The Greatness of God’s Love

“When I look at the heavens, the work of your fingers…
what is man that you are mindful of him. ” (Psalm 8:3-4 (ESV))

The question was asked last night at confirmation class, “If you wanted to convince someone of the greatness of God in creation, where would you take them, what would you say?” There were many good responses. One student brought a small Christmas tree to represent real trees. Her response was, “God makes the trees grow just like God gives us growth.” A great answer. Other students talked about going out in nature to watch the sunset (I notice none of them said sunrise), holding a newborn baby – all of these were excellent examples of the greatness and wonder of God in creation.

Psalm 8, I believe, is the psalmist answer to the question, “how would you convince someone of the greatness of God in creation.” Like my student’s answers, the Psalmist looks to the heavens – the stars in their glory and splendor – and hears the cry of newborn children, and turns to praise the greatness of God.

I am sure you have shared the experience. The vista on a high mountain pass; the roar of the ocean tide crashing against the shore; star gazing in an open field far away from city lights. One has to intentionally remind themselves of their disbelief, blinding themselves to the wonder of it all, to not be overwhelmed by the majesty and greatness of God in His creation.

But there is an even more convincing argument. The majesty of God is clearly evident in His creation, but it is not fully revealed in His creation. There’s more. There is a greater revelation. There is a deeper truth which will radically change your life – if only you will listen.

The Psalmist, looking at the heavens, suddenly turns to himself, “what is man that you are mindful of him?” Have you thought about that one? Consider the heavens – out there, deep in space, millions of miles away, stars are rotating around other stars; each formed and spun into motion and held together by the hand of God. Consider our own planet – orbiting at just the right distance from the sun for life to flourish, with its seasons bringing sun and rain, intricate complexities revealed in the beauty of simplicity – this is the work of God. God creates at the atomic level a work that requires the entire universe as His canvas, and still God above all things is chiefly mindful of man, of you, of me!

This is what really drives home the greatness of God. When you consider how small and insignificant we are in comparison with all of creation, God has proven over and again His love for us. In love God created us, that we might love and worship Him, finding our satisfaction in the praise and glory of God’s goodness. In love he has set us apart from creation, forming us in His image, crowning us with dominion, wisdom, and righteousness. In steadfast love God treated us with mercy and long-suffering when we sinned and rebelled against Him, thinking His love and His goodness something we could do without. In love He sent His Son, Christ Jesus our Lord, to redeem us from sin and death, that we might once again live and move in His love and worship and adore His name.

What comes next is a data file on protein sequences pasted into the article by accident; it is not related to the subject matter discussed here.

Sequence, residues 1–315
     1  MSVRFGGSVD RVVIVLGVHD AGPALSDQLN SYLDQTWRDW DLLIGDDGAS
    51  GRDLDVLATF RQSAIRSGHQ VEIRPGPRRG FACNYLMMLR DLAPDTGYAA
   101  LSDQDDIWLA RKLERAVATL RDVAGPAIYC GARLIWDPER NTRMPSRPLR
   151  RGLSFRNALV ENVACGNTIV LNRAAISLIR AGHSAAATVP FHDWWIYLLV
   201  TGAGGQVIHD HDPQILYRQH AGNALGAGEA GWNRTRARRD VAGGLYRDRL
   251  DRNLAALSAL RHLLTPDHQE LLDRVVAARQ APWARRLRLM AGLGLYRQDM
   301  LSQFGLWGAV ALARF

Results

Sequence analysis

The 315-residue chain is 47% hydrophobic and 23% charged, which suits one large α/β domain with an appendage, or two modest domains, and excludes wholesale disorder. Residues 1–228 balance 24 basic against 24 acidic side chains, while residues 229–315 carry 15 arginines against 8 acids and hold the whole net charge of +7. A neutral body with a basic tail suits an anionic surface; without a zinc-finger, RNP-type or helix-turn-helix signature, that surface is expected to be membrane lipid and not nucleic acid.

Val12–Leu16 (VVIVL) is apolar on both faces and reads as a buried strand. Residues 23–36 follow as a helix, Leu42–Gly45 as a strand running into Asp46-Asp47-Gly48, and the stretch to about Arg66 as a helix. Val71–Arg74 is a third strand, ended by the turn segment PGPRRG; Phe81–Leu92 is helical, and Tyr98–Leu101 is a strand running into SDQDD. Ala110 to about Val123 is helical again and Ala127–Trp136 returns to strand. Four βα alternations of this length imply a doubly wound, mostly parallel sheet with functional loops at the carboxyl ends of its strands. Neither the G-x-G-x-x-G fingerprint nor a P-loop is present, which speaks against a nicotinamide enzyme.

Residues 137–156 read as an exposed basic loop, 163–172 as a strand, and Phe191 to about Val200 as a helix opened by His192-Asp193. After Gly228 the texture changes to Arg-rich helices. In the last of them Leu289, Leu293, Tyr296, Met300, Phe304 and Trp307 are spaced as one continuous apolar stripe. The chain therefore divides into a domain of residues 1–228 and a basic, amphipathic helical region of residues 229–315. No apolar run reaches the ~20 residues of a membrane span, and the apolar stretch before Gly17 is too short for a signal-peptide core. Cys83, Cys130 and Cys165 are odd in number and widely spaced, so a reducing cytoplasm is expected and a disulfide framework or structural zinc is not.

More than any other act in creation, this love which seeks out the lost and terminal sinner should convince us of the greatness of God. It is humbling; it is healing; it is encouraging; it is inspiring; it is life giving to be loved with such a great love.


On Humanity

Continuing along the “Brief Statements of Faith,” I turn now to a statement on Humanity.

The Bible teaches that human beings were created in the image of God, not that they emerged through the millennia by process of natural selection and evolution.  Instead, humanity was created in the image of God, as the crown jewel of creation, given blessing and charge by God to be fruitful and multiply, to have dominion over all the earth.  As the Psalmist says, “What is man that you are mindful of him, and the son of man that you care for him? Yet you have made him a little lower than the heavenly beings and crowned him with glory and honor” (Psalm 8:4–5(ESV).  Created and blessed by God, our first parents enjoyed communion with God and lived for God’s glory as they obeyed His Word.

Still, when tempted by the questioning of God’s Word, Adam and Eve defied God’s commandment and chose to be gods for themselves, placing themselves in the center of creation.  Because of their willful disobedience, sin and death entered into the human heart, and yet we reenact that original sin every time we disobey God.  The corruption of sin is so complete and pervasive that humanity is now broken, no longer living for the glory of God and the joy of His presence.  We choose darkness over light, the momentary pleasures of sin over the eternal blessing of righteousness – “none is righteous, no not one… for all have sinned and fallen short of the glory of God” (Rom 3:10, 23).

There exists now a great divide between God and all of humanity.  Our sinfulness prevents us from entering into and joyfully celebrating the glory of God.  Our most righteous efforts to atone for our sins are still laced with sin, the price for our redemption is more than we could ever pay, it is beyond our ability to save ourselves.  Sin’s stain touches everything we do, it is destructive, contagious, polluting, and deadly.  We are not sinners because we sin, we sin because we are sinners.

As such, we stand before our God, who is holy and just, condemned in our sin.  We owe to God a debt we cannot pay.  Humanity needs a savior.